Last weekend saw my second backpacking trip of the year. A bit of a solo leg stretcher to try and get fit for my coast to coast and test out a couple of bits of gear. As usual I did not fancy too long a drive so I decided to head for the eastern part of the North Pennines, setting off after work on Friday. I had picked a spot on the map to park the campervan for the night but was a little disappointed to discover another van had beaten me to it. A quick scan of my OS map led me to the car park next to Balderhead Reservoir. The air was alive with birdsong and gunshots as I settled down for the night.
I was undisturbed in the night and no other vehicle visited the car park. There was even a loo so I did not have to use my trowel in the morning. A last minute sort out of my backpacking kit and I was ready for the short drive to Middleton in Teesdale where I would start my walk.
The Bongo by Balderhead Reservoir
I parked up, did a final idiot check and set off along a lane heading for the River Tees. For a mile or so I walked along a beautiful stretch of the river, following the Teesdale way as it wound its way along the river bank.
Looking west up the river Tees
This quickly came to an end and I had a quick stomp along a minor road before taking the track heading across the moors above Eggleston. Here I passed several groups of teenage girls backpacking with huge rucksacks, possibly doing their Duke of Edinburgh. The first group was happy and chatty whilst the groups bringing up the rear did not seem quite as happy! The size of their rucksacks amazed me, what on earth were they carrying? A good way of putting them off backpacking for life……..
I found this stretch of moorland rather dull and was having my usual battle with the wind trying to blow me off track. I soon reached the edge of Hamsterley forest and managed to find a bit of shelter for some lunch. I passed a large group of walkers who appeared to belong to a club for the terminally slow and had a mindless slog along a forestry track along the Euden Beck. Uninspiring stuff!!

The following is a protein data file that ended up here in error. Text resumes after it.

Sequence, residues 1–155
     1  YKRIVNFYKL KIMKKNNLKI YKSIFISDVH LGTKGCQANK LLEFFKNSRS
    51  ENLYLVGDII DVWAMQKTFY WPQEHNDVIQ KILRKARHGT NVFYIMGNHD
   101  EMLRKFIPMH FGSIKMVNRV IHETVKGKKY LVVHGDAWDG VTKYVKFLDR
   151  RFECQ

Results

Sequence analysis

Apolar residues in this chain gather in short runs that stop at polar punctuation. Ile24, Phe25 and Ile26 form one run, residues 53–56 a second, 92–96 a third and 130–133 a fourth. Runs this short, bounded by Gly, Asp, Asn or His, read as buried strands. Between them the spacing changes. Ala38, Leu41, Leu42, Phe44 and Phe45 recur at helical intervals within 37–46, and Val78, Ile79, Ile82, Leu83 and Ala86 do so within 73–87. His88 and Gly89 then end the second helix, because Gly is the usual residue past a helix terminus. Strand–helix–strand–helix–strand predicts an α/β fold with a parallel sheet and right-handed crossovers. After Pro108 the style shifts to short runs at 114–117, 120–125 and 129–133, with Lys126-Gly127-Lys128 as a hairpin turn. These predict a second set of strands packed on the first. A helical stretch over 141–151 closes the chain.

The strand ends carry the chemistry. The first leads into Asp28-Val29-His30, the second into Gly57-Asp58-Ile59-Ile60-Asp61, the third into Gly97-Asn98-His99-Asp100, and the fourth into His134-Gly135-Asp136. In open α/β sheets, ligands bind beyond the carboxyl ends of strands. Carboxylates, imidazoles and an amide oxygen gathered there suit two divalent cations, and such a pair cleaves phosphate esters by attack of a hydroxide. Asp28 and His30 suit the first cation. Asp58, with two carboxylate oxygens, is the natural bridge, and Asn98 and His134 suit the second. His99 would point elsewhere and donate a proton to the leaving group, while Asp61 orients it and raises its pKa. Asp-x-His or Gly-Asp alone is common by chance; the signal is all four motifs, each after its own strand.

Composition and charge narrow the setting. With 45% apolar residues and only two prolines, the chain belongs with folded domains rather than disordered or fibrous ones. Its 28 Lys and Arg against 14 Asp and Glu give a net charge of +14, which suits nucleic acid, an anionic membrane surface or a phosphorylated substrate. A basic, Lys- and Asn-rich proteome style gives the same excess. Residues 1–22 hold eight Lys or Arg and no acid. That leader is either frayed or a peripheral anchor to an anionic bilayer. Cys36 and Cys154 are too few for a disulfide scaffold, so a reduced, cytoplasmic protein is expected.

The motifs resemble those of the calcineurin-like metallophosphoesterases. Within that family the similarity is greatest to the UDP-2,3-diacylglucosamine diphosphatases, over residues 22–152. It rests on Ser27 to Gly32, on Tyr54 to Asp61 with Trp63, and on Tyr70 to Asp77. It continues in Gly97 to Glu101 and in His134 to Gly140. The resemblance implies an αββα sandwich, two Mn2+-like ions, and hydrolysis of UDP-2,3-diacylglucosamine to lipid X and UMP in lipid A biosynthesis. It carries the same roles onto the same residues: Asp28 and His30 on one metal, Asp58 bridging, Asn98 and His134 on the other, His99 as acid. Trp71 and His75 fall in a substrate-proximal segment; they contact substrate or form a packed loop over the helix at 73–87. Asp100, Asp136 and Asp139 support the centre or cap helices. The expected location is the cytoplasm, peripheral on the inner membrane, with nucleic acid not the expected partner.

My mood soon lifted when I took a footpath across Hamsterley common towards Meeting of the Grains, which was to be my campsite for the night. Walking above Ayhope Beck was a delight with the sun finally putting in an appearance.
Meeting of the Grains was an absolutely stunning spot. A large green wooded glade surrounded by the austerity of the Pennine moors. I dumped my rucksack to explore and find the perfect place to pitch the tent. I found a lovely flat green area by the river but found bunny carnage with the corpses of about 20 rabbits strewn about. A few discarded shotgun cartridges telled the whole sorry tale. I soon found a good spot higher up the hillside and spent 15 minutes pegging out a flapping tent in the strong wind. Finally satisfied that it would not blow away I set about unpacking. Half an hour later I was fed up with the tent drumming in the wind so found myself reversing the whole procedure, this time sitting on it whilst unpegging to stop it blowing away!
The unsuccessful campspot!
A few minutes later I had found a great pitch in a sheepfold by the river in an area hidden by trees. It was flat and sheltered by the wind so I was a happy chap who spend a couple of hours pottering about, cooking, sitting and generally being happy with the world.
The successful campspot
That evening I kept on hearing this strange noise in the sky and could not work out what it was. I have heard this sound in the Northern highlands before and thought it must be a bird. A bit of googling and it turns out it was a snipe. Quite an eerie sound at dusk alone on the moors.
A cold still night was followed by a warm sunny morning and I was slow packing and cooking breakfast, enjoying the spot that I has chosen. I finally shouldered my pack and crossed the pastures to find the footpath that climbed Black Hill. I was climbing along the sandy path when something out of the corner of my eye went for me. I jumped back and realised that I had very nearly trodden on an adder. It did another half strike towards me and I’m sure that I heard it hiss. It then quickly disappeared into the heather. I was both nervous and excited after that encounter and was careful where I placed my feet for the rest of the day.
I left the footpath at the summit of Black Hill and followed the wall that borders Hamsterley forest northwards. The ground to the left soon gave way to the beautiful valley of Sharnberry Gill.
Black Hill looking north
I clambered down the steep sides of the valley and followed its course for a couple of miles to the B6278 road. Another track up Little Eggleshope Beck led to a climb over the moors to drop down into the valley of Great Eggleshope Beck with its disused mine workings and buildings. There was a real air of remoteness here so I had lunch and soaked in the atmosphere.
Great Eggleshope valley
This left just one more climb of the day over the shoulder of Monks moor before descending to Hudeshope beck. Another beautiful valley with the reminants of the lead mining industry. The mines soon gave way to trees and the final mile into Middleton in Teesdale was a delight in the afternoon sun.